|Rivendell bag question||Djudd|
Oct 18, 2001 4:00 PM
|In an attempt to keep commuting interesting and dynamic I checked out the Rivendell website and saw two bags that looked good; the Baggins Banana Bag and the Carradice Longflap. The problem is I can't get an idea of the dimensions of either from the photos. I would appreciate any feedback from anyone who has experience with either bag. Specifically, how much junk will fit in those trunks (i.e. clothes and other commuter-type stuff). Additionally, what about water resistance. Any help will be appreciated. |
|Got a Lowsaddle Longflap, and I love it.||cory|
Oct 18, 2001 8:53 PM
|I bought it sort of semi-reluctantly, because I liked the idea but $75 is a lot of money and it's pretty ugly. I've had it six months or so, and I really like it. I think Grant may have dropped the Lowsaddle, but the Longflap is the same bag one size bigger.
Mine measures (I'm estimating while I look at it through the window) about 16 inches wide, 8 or 9 front to back and 8 deep, though of course it's soft so there's some flex and stretch. The flap unfolds and has a second set of straps inside, making it about four inches longer, and there are pockets on each side, also w/straps and buckles, that will hold a wallet or a few energy bars or a big bottle of lube, but not quite a water bottle.
It's actually bigger than it sounds. I can carry an entire Sunday San Francisco Chronicle plus whatever else I think to bring with me--I've never tried to load anything I couldn't get in, including everything I take off when I leave on a 30-degree morning and come home when it's 80 at noon. There are D rings on top, too, so if you carry some twine or cord you can tie a rhinoceros on top of the thing.
A half-gallon of milk will go easily, with room on one end for the Oreos and some French bread. A fleece jacket, size XXL, plus tights and a shell. I've never done it, but looking at the thing, I'm sure I could load enough stuff for a backpacking-style camping trip except for the sleeping bag (I have a little one-man tent), including a tiny stove, sandals (size 15) and a sweater. Then the bag could tie to the D rings or go on my luggage rack, which I'm thinking of taking off because I never use it anymore.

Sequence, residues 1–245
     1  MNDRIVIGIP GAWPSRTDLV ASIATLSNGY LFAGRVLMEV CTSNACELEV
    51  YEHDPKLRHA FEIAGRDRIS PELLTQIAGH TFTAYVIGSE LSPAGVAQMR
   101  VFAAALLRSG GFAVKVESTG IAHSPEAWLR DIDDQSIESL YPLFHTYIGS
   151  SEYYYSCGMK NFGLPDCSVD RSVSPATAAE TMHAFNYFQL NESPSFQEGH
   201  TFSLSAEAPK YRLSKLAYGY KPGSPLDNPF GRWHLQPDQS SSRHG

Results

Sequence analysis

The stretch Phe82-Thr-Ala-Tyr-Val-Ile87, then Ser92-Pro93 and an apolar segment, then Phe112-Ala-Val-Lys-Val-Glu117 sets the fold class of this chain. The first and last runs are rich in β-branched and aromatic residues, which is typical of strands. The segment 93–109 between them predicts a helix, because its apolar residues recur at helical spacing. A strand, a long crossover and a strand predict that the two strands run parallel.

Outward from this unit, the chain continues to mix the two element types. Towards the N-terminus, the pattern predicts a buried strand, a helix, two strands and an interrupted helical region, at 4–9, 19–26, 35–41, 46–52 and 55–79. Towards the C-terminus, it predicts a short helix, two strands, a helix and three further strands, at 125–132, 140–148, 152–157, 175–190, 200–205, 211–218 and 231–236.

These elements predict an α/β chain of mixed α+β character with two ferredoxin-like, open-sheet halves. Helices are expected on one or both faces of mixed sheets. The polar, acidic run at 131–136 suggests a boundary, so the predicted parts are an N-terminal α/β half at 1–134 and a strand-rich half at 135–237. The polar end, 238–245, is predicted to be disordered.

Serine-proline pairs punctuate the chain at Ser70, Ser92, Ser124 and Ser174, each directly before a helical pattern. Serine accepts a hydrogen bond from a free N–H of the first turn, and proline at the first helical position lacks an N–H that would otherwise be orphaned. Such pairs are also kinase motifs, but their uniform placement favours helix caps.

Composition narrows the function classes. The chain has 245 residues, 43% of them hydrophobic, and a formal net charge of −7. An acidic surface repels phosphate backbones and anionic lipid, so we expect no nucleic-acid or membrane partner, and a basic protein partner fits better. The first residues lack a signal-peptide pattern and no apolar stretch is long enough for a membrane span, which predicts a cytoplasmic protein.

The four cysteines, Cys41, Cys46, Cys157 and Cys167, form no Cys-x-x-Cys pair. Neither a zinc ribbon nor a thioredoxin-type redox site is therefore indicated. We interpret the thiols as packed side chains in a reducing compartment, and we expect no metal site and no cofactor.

Incidentally, don't worry about attaching it to the rings on the back of a Brooks saddle--The straps will loop around the rails of almost every saddle I have, though I use it most on my Atlantis with a B-17.
|re: Rivendell bag question||Ray Sachs|
Oct 19, 2001 5:38 AM
|The bannana bag is just a really big seat pouch (albeit a really nice looking one). I carry the usual tools and tube in it, plus it has room for a cable or a light jacket. You can also lash rain pants or something to the top of it, but it isn't really a big cargo carrier, just bigger than your average wedge pack. I like it for long day rides in changeable weather, but it's not enough to carry a commuting load.
Riv doesn't sell Carradice anymore (supply problems and they've started their own line of competing "Baggins" bags). You can still get them at www.wallbike.com, which also has information on dimensions, or have them imported from www.sjscycles.com. I have a Nelson Longflap (not the biggest, but good size). On a 58cm road bike, it doesn't hit the tire unless I have a weird load in it that causes it to sag in the middle. On anything smaller than a 56, though, it's be really tight if you didn't have a rack or fenders to keep it off of the wheel. It carries a good bit. Cory's description sounds right to me. I've done credit card tours in the summer with just the dice and a small handlebar bag. One warning about the carradice - if you attach it in the normal way (without a rack or something to hold it more upright) your legs WILL brush against it when you pedal. Most people don't mind this (never bothered me in the least), but a few people hate it.
For commuting, I eventually evolved into using a touring bike with a rack. I keep a small pannier on the right with rain gear, a small seatbag with tools and tube, and a Carradice Bike Bureau on the left, which is a briefcase that functions as a pannier. I can pop the panniers off for reasonably lightweight weekend rides (not that this is a particularly light bike) and carry plenty of stuff between home and work. And walk right into a meeting with the bike bureau. The bike bureau is a bit more expensive than a longflap, but I find it much more useful for work trips.